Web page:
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Asterisk Gets 400 Million New Users

Asterisk Gets 400 Million New Users

September 15, 2009
By Erik Linask, Group Editorial Director

(This article originally appeared in the September, 2009 issue of INTERNET TELEPHONY.)
Traditionally something of a niche phenomenon, open source PBXs have seen a significant surge over the past few years and it has become much more mainstream and more competitive with traditional communications systems. According to The Eastern Management Group, open source PBXs claimed 18 percent of the North American market in 2008, a 40 percent growth from the previous year.

There are several reasons. Open source is becoming less mysterious as its user base grows and word of its reliability and stability spreads anecdotally. The economy also has certainly played a major role, considering an open source PBX (News - Alert) can cost 40 percent less than traditional alternatives.
But, perhaps the most important driver of growth is the ongoing development of features and add-ons from the open source community. The very nature of open source – particularly Asterisk (News - Alert), the gold standard to which all other open source solutions are compared – is to encourage development of new capabilities that can be bolted onto an Asterisk PBX to harness the full power of IP communications.
When you talk about the power of IP Communications and its rapid growth worldwide, one of the first names that comes to mind is Skype (News - Alert), which now boasts more than 405 million registered users, with some 12 million of them online at any given time. Despite those figures, and although there have been a few products designed to bring Skype more effectively into the business environment, the key limitation has been that Skype has never been very effectively integrated into the business communications network – until now.
Digium (News - Alert) has bridged the divide between Skype and the PBX with its launch of Skype for Asterisk, a connector module that allows businesses to connect their desktop phones to Skype through an Asterisk PBX. Not only does this make Skype calling easier in a business environment, it also allows Skype calls to be connected to IVR systems, ACDs, and any other telephony applications that are part of the PBX platform.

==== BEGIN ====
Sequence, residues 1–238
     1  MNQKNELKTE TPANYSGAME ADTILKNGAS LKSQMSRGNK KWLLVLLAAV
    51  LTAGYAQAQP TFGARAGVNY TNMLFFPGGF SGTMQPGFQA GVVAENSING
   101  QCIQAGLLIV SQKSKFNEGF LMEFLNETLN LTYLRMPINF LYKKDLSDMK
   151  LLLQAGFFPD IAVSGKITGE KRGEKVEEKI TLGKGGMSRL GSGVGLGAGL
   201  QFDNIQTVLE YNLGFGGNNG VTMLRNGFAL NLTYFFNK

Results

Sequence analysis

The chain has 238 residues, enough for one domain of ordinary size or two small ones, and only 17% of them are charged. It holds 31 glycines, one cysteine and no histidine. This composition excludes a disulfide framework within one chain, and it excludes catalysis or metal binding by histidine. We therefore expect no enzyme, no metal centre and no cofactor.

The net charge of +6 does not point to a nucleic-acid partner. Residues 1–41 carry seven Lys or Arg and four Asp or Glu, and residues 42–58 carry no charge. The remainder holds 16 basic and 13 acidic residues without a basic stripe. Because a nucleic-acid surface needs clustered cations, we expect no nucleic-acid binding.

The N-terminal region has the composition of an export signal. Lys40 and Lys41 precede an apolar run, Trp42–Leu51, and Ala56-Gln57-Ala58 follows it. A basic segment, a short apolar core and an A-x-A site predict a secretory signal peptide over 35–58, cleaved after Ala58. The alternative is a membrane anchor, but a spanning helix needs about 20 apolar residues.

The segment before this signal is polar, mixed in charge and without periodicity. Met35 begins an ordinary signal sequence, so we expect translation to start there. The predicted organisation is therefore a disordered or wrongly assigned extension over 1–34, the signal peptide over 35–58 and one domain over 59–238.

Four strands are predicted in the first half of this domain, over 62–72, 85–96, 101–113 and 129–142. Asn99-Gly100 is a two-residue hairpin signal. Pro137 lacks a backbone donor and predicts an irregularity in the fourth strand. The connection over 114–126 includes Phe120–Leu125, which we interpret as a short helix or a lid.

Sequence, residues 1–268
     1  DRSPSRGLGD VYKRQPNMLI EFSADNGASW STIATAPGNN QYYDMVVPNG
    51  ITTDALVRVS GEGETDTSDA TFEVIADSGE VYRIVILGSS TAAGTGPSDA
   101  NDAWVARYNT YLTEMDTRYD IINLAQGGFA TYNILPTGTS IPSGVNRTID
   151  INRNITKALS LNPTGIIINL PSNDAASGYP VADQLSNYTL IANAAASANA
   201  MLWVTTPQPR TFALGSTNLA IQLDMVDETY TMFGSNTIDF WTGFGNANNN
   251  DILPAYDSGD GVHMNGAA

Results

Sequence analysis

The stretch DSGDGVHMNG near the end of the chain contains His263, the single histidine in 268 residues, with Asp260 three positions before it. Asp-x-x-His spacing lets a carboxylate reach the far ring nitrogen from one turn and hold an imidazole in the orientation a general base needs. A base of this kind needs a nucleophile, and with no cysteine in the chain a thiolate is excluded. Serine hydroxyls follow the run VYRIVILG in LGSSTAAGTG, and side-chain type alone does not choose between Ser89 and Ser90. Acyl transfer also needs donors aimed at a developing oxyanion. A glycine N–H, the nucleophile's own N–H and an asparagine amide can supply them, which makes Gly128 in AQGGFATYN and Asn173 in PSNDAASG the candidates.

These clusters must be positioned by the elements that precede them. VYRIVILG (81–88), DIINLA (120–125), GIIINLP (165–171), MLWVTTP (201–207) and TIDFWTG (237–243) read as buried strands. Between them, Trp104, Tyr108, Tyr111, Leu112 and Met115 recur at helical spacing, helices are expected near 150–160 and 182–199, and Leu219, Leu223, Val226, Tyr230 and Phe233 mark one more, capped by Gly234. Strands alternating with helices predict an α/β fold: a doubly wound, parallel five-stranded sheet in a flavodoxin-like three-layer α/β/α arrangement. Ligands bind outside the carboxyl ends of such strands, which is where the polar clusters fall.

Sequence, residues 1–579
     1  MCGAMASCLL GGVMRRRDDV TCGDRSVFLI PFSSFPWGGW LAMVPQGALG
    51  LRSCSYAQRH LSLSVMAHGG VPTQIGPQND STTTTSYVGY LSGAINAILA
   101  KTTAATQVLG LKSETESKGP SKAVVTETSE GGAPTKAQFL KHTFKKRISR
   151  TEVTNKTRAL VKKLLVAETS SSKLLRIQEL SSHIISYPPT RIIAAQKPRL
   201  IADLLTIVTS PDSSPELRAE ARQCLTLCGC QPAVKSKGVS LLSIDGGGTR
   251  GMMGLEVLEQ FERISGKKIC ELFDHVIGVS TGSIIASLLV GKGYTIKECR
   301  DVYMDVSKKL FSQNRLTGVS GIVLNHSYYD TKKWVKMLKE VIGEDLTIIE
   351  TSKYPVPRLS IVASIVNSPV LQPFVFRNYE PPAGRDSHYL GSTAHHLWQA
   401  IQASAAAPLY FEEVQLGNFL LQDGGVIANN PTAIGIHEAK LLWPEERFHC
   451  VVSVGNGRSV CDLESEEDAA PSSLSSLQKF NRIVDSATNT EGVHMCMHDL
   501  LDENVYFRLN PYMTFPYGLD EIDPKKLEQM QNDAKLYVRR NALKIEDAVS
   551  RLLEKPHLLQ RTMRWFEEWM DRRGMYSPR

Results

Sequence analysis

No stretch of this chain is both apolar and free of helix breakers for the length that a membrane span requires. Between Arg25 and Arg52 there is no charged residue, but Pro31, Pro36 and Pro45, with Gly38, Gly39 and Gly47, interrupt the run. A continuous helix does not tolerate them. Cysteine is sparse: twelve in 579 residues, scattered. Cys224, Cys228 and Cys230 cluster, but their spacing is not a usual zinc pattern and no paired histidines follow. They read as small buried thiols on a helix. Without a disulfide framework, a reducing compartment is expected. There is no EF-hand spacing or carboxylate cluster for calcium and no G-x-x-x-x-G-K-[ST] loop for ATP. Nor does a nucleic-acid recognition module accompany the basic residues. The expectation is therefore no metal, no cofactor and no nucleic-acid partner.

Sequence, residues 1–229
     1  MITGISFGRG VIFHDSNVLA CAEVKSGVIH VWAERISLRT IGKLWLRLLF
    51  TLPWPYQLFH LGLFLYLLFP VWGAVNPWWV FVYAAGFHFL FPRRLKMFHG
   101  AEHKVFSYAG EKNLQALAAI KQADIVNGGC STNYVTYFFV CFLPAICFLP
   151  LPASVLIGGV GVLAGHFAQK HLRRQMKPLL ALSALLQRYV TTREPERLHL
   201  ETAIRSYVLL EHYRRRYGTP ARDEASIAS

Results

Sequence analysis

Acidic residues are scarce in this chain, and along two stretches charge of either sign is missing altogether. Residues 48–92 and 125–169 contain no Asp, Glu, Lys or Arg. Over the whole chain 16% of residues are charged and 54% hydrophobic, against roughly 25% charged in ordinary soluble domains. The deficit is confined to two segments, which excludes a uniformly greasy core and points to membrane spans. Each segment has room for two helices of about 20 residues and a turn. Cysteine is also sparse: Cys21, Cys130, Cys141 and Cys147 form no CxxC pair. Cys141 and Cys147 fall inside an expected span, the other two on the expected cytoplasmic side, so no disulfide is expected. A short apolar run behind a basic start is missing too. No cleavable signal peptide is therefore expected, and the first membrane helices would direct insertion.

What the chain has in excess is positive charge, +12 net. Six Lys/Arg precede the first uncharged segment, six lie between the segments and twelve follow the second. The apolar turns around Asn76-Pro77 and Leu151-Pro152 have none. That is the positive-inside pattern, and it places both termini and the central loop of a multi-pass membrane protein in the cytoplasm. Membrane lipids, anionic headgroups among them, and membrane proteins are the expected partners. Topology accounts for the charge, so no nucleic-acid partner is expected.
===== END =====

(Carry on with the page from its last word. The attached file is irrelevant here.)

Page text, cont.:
Skype for Asterisk, which Digium co-developed with Skype, is the first Skype-sanctioned connector to a full-fledged PBX system. The add-on to an Asterisk PBX lets businesses register as many Skype accounts as they need, allowing users to receive calls from Skype accounts, right on their IP deskphones. With a bit of additional configuration, users can also place outbound calls to Skype accounts through their Asterisk PBX.
“Anybody can call you over Skype, and when it hits Asterisk, it becomes just another Asterisk call,” explained Steve Sokol, Product Manager of Software at Digium. “For outgoing calls, the call would come from a SIP deskphone to Asterisk, and Asterisk would recognize the extension is pointed to a Skype username, and it would simply send the call directly there.”
One of the concerns of IT departments has been security, especially regarding the file transfer capabilities that are part of Skype. The calls themselves don’t present much of a threat, since they are encrypted and run directly from endpoint to endpoint. For IT managers who are concerned about the potential loss of sensitive proprietary information when users have Skype installed on the desktop, Skype for Asterisk circumvents the threat because it is installed on the Asterisk server, not on the desktop. It’s part of the IT infrastructure and entirely under the control of the IT department.
As for its scalability, it’s a commercial product and is meant to perform as such.
“It goes as far as what you want to buy licenses for,” says Sokol. “There are some physical limitations eventually; if you have hundreds of thousands of calls, you’ll probably overwhelm the processing power of the computer it’s running on, because Skype is encrypted and Skype data has to be decrypted as it comes in.”
There’s an obvious synergy between Skype – a free VoIP calling platform – and Asterisk – a low cost, reliable alternative to proprietary systems, which makes this partnership a no-brainer. Skype also has grown more rapidly than even Niklas Zennstrom could possibly have imagined, and Digium’s bet is that it will continue to grow, as more capabilities are built into its application, which Digium will also look to add to Skype for Asterisk. Skype’s IM capabilities, for instance, will likely also become a part of the product.
“We’ve discussed the possibility of extending this to support video, so you could have a SIP-based or other desktop video phone system and that would be able to transfer to Skype video and vice versa,” said Sokol. “That’s going to require some additional work on both sides, but we have high hopes for it. We’re looking forward to a long relationship with Skype and continuing to expand what’s available for Skype users and developers. “
For now, the case is simple: If you want to make free Skype calls through your PBX, install Asterisk and away you go.

Erik Linask (News - Alert) is Group Editorial Director of TMC, which brings news and compelling feature articles, podcasts, and videos to 2,000,000 visitors each month. To see more of his articles, please visit his columnist page.

Edited by Erik Linask

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